After watching the San Francisco Giants acquire All-Star outfielder Carlos Beltran and then take two of three games at Citizens Bank Park from the Phillies, Philadelphia general manager Reuben Amaro, Jr. knew he needed to upgrade a team that had lost its title as favorites to win the National League. All of a sudden, talks intensified between the Phillies and Houston Astros and outfielder Hunter Pence was sent north to don the Phillies’ pinstripes in exchange for four prospects.
The price is a lot to pay and will cost Philadelphia in the future, but Amaro, Jr. knows his team is built to win now. Not that Pence cannot help the Phillies in the future; The 28-year old outfielder is a two-time All-Star and is under team-control through the 2013 season. While he is not the kind of hitter Beltran is, Pence has hit 25 home runs in each of the last three seasons and is a career .290/.339/.479 batter. As he has entered the prime of his career this year, Pence is enjoying a career season, batting .308/.356/.471, career-highs in each category, with 11 homers and 62 runs batted in.
The key to this trade is that Pence provides a quality right-handed bat in the Phillies lineup. Philadelphia’s right-handed hitters with at least 100 at-bats this season are batting a combined .252 with a .313 on-base percentage. With the exception of switch-hitters Jimmy Rollins and Shane Victorino, Philadelphia’s best bats come from the left side of the plate in Chase Utley and Ryan Howard. As a result, the Phillies have struggled against left-handed pitching, batting .235/.306/.354 as a team against southpaws compared to .254/.327/.401 against righties. Pence is a career .290/.340/.492 batter against lefties and should help balance the Phillies’ lineup to make them less vulnerable to left-handed pitching.
While Hunter Pence certainly does not have the pedigree of Carlos Beltran, who was recently dealt to the Giants, he certainly will have a large impact in Philadelphia. On a team that has struggled hitting lefties on the mound, Pence provides a solid right-handed bat for manager Charlie Manual to place right in the middle of the lineup. The addition of Beltran may have shifted the power in the National League to San Francisco, but dealing for Pence makes it a very close call as to who the favorite is to win the National League. Both teams have the two best starting rotations in baseball, Philadelphia with a 2.98 ERA and San Francisco with a 3.20 ERA. Meanwhile, the Giants have baseball’s most effective and deepest bullpen (2.81 ERA), featuring three lefties while the Phillies do not necessarily know what they will get from their bullpen (3.44 ERA) on a consistent basis. While neither lineup is dominating, Philadelphia certainly has the advantage there, especially with Pence providing a quality right-handed bat.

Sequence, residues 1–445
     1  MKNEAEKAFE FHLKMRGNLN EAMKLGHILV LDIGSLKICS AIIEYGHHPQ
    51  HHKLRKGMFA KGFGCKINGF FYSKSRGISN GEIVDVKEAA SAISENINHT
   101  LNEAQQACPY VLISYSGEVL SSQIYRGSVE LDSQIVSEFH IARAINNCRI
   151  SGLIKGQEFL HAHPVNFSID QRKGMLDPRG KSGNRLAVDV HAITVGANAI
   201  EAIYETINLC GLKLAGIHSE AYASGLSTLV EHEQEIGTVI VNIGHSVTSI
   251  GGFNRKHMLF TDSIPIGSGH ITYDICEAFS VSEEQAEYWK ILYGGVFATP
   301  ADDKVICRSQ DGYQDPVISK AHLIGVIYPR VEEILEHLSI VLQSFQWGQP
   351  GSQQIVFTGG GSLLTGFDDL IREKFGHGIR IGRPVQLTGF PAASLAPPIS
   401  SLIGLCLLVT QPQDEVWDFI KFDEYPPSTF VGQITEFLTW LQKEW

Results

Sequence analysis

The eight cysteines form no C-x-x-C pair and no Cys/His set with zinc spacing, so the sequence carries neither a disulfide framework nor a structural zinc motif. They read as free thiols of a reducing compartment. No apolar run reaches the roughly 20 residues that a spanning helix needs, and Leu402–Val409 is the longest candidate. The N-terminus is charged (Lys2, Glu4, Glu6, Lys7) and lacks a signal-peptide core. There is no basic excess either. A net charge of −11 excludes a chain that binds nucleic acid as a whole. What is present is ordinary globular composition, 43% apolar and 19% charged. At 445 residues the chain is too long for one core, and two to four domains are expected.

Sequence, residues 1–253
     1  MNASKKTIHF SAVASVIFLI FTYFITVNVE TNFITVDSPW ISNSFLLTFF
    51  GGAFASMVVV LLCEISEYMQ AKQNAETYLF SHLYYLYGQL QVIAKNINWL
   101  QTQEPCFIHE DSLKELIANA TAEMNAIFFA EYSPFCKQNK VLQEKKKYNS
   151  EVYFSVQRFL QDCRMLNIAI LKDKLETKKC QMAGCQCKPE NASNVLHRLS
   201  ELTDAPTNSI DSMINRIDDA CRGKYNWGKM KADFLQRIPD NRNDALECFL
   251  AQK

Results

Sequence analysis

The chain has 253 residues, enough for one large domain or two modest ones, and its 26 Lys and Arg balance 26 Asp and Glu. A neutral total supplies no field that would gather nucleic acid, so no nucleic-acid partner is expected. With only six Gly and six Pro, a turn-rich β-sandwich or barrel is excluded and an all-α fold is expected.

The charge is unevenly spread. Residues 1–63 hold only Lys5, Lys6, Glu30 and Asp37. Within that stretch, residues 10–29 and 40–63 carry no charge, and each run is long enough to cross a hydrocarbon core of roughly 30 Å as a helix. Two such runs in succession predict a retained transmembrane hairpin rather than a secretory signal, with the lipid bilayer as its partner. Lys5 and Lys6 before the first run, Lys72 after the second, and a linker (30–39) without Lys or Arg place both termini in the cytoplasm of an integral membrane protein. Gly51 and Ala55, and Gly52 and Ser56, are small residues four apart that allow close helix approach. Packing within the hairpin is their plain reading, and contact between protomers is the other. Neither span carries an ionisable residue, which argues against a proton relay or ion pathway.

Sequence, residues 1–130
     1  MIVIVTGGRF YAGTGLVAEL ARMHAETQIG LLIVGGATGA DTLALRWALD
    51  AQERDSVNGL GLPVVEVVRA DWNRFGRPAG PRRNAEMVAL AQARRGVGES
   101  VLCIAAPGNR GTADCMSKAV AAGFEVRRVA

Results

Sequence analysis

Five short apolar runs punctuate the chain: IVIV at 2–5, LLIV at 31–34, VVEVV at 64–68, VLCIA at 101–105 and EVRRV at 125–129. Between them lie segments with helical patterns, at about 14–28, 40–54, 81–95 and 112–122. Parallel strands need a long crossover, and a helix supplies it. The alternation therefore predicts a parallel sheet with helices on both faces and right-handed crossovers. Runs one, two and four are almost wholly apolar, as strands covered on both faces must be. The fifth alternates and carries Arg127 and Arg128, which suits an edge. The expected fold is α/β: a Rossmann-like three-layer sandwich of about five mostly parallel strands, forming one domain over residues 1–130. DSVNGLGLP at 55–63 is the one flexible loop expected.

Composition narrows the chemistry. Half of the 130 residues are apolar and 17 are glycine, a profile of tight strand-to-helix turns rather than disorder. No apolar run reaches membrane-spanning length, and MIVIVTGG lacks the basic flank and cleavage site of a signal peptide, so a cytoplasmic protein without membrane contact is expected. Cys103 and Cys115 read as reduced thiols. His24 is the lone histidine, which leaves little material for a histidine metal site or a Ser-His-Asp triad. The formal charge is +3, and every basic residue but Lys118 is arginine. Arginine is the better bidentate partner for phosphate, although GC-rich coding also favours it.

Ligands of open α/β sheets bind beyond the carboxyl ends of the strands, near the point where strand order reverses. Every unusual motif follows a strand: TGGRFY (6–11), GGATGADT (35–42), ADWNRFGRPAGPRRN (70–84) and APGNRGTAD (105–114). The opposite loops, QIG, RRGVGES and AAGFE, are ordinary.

Both franchises have indicated their desire to win now in the last few days, respectively sending prospects for a player who has been an All-Star multiple times. After meeting in the National League Championship Series last season, the arms race for a World Series berth has continued between the Giants and Phillies this season. While the Atlanta Braves do have a very good team this season, the two favorites in the National League reside in San Francisco and Philadelphia. The Giants have staked their claim to NL supremacy with the acquisition of Carlos Beltran. The Phillies answered by trading for Hunter Pence. The move that works out better will determine the National League’s best team.